Real estate


What to do when bathroom fans and dormers drip

Q. We recently replaced our bathroom fan, and since then when it is cold outside, it drips water onto the bathroom floor. We thought something was wrong with the new fan, so we replaced it. Our handyman went in the attic and insulated around it, thinking that would solve the problem. It did not. It didn’t drip all summer, but now that the nights are cold, it is doing it again. I am afraid the water is building up around the fan and the ceiling will start to decay. Suggestions?


A. Sounds like a pitch problem. Redirect the exhaust pipe to pitch (or angle) toward the exterior vent hood and not back toward the interior fan. Use solid pipe, seams facing up, and tape all of the seams and elbows. Insulate the pipe with a pipe sleeve. Also, make sure your exterior vent hood closes properly. A visual check from the outside can verify this. TIP: Install a timer switch and run the fan for a minimum of 20 minutes after your shower to clear the room and pipes of moisture.


Q. How would you rate attic fans in un-air-conditioned one-story structures? I see the solar-powered disk-looking rooftop models, the turbine ones, and also attic fans that blow out of the gable vents. I have also seen a system of a ceiling vent piped to the attic gable outlet fan supposedly sucking the air from the interior of the structure through the vent and out. Obviously, these need to have open windows or doors.

Get The Weekender in your inbox:
The Globe's top picks for what to see and do each weekend, in Boston and beyond.
Thank you for signing up! Sign up for more newsletters here


A. Are you trying to cool your house? You could accomplish all of this by simply using box fans in your windows instead of using an attic fan. You would face the fans out in the hottest part of the day and then in to bring in the cooler night air.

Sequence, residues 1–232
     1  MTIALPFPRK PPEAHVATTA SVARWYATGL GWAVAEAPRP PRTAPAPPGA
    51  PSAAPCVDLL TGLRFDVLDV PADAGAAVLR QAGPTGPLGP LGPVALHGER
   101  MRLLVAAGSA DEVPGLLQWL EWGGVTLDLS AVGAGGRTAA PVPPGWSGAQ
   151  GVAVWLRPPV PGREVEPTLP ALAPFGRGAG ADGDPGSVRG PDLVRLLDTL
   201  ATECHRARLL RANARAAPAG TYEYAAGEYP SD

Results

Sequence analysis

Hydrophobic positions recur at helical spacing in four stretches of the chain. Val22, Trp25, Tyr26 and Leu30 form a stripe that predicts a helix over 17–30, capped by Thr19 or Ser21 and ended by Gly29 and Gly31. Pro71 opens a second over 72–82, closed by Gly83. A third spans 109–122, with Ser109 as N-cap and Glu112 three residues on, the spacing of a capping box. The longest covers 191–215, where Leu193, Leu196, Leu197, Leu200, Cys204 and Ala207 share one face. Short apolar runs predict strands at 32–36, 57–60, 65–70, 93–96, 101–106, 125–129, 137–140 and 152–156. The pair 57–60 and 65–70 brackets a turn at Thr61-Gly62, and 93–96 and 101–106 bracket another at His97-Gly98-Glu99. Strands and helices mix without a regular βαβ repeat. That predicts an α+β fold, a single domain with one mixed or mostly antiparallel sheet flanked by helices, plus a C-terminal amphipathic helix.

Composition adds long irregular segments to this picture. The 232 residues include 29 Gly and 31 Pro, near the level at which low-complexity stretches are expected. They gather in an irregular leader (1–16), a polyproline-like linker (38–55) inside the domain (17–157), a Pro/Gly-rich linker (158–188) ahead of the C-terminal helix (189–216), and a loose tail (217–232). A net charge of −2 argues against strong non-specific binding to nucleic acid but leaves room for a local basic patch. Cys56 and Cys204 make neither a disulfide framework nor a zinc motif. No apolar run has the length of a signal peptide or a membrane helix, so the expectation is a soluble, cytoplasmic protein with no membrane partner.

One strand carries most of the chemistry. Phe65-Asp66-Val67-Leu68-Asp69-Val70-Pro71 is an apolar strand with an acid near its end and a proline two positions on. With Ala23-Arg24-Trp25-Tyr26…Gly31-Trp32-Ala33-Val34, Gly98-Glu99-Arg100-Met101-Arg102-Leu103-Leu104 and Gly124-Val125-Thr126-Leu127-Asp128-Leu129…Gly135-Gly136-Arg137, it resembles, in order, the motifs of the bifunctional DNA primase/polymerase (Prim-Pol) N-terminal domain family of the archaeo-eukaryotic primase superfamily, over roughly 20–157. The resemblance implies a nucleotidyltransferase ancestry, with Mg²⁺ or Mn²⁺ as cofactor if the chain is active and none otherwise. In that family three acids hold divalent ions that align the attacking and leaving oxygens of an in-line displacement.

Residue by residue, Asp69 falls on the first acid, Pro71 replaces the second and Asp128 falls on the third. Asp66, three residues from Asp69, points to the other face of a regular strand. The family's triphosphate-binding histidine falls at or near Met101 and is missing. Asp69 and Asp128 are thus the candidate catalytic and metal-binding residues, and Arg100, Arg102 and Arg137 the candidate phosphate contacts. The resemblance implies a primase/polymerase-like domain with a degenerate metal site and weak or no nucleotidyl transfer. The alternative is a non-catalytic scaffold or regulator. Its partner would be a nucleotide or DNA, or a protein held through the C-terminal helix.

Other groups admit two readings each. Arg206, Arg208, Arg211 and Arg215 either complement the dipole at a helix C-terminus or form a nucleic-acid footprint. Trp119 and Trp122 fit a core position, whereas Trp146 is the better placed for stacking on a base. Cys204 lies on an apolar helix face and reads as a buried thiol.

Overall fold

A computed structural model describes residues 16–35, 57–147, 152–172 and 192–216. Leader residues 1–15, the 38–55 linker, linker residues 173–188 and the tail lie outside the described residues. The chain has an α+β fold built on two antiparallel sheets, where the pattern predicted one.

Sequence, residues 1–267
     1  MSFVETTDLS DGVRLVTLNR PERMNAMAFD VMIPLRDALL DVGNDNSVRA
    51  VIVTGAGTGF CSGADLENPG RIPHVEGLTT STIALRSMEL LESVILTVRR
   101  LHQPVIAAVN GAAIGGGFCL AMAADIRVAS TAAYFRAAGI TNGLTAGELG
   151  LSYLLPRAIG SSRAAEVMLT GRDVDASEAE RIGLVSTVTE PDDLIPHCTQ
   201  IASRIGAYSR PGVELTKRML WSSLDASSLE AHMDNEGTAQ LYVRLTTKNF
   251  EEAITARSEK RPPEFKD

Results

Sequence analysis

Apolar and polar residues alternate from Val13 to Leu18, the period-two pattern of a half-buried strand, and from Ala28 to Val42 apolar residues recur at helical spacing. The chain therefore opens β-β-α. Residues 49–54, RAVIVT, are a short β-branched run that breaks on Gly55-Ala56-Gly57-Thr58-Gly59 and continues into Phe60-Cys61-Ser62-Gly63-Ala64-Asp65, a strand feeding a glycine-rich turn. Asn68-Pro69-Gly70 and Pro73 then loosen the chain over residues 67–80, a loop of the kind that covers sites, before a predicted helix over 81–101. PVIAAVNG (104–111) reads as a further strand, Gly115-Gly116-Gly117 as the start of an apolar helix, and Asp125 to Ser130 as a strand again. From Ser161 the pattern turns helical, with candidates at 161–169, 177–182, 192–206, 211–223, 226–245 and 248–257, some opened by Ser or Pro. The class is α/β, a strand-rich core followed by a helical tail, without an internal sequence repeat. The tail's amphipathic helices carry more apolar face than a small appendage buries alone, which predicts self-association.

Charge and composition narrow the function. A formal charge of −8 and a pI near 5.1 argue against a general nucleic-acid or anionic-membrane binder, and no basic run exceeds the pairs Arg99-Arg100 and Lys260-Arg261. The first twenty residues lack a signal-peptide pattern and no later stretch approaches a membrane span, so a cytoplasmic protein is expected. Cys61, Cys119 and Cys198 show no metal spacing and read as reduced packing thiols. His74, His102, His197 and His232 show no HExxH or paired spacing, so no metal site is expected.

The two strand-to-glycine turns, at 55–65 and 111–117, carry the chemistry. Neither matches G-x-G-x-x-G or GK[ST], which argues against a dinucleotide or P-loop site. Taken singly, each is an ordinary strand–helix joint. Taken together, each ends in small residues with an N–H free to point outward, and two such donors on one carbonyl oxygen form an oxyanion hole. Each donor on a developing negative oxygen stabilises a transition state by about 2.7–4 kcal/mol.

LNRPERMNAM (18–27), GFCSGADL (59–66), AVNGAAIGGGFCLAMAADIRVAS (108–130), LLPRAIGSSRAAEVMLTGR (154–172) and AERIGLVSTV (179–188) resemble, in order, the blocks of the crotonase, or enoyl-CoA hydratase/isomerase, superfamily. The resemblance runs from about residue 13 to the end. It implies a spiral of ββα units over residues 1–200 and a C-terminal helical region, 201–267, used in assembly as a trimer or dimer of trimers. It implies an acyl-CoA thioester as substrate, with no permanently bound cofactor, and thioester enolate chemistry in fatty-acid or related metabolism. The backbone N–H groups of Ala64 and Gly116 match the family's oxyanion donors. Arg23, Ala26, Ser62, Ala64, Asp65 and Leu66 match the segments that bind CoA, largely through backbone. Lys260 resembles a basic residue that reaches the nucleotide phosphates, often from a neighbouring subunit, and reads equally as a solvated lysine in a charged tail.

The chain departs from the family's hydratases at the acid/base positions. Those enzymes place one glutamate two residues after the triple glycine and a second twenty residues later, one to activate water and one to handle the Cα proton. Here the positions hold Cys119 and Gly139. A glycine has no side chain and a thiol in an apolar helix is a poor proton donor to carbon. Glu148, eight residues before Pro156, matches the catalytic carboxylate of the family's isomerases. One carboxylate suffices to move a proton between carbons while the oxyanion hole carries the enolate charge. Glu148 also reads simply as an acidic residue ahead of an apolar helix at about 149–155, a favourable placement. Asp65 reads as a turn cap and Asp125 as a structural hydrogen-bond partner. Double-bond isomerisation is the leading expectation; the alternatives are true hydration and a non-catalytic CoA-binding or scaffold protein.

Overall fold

I don’t recommend solar-powered vents; they are a disaster and depressurize your attic. They would work year round, sucking air from inside your living area into the attic rather than pulling outside air in from the attic.

Q. I have a Colonial built in 1986. The front of the house has three dormers that are essentially empty spaces in the unfinished but insulated attic. I’ve been in the house for three years now, and each winter there are leaks along the side of the dormers. The roof has a ridge vent, but the dormers are not vented. My theory is that heat is being trapped in the dormers, causing the snow on the roof of each to melt and form ice on the sides. This ice melts and finds its way into the attic. I’m thinking of having ridge vents installed on all three dormers to let the heat out. Is this a good idea?



A. Is it possible that you have a void somewhere in the insulation in that area or air leaks? That’s where I would start before adding ridge vents. Air leaks often allow warm air into the dormer. Insulation itself does not stop the air leaks; you need to stop them in order to let the insulation do its job.

TIP: Blackened insulation is always a sign that air is leaking in the area.

Finding air leaks can be tough: Open stud cavities are the worst (located in lowered areas of ceilings like soffits and where the ceiling height shifts, especially in split-level homes). Plug them with a plastic bag partially filled with insulation, and then cover with spray foam. The plastic bag stops the airflow and gives the foam a place to work off of. You can also use tightly fitted rigid foam board or sheet plastic to cover these openings and expanding foam.

Look for floor holes, especially around the outside walls, ducts, recessed lights, or near plumbing pipes and utilities. You can seal these holes by using expanding foam.

Rob Robillard is a general contractor, carpenter, editor of, and principal of a carpentry and renovation business. Send your questions to or tweet them to @robertrobillard.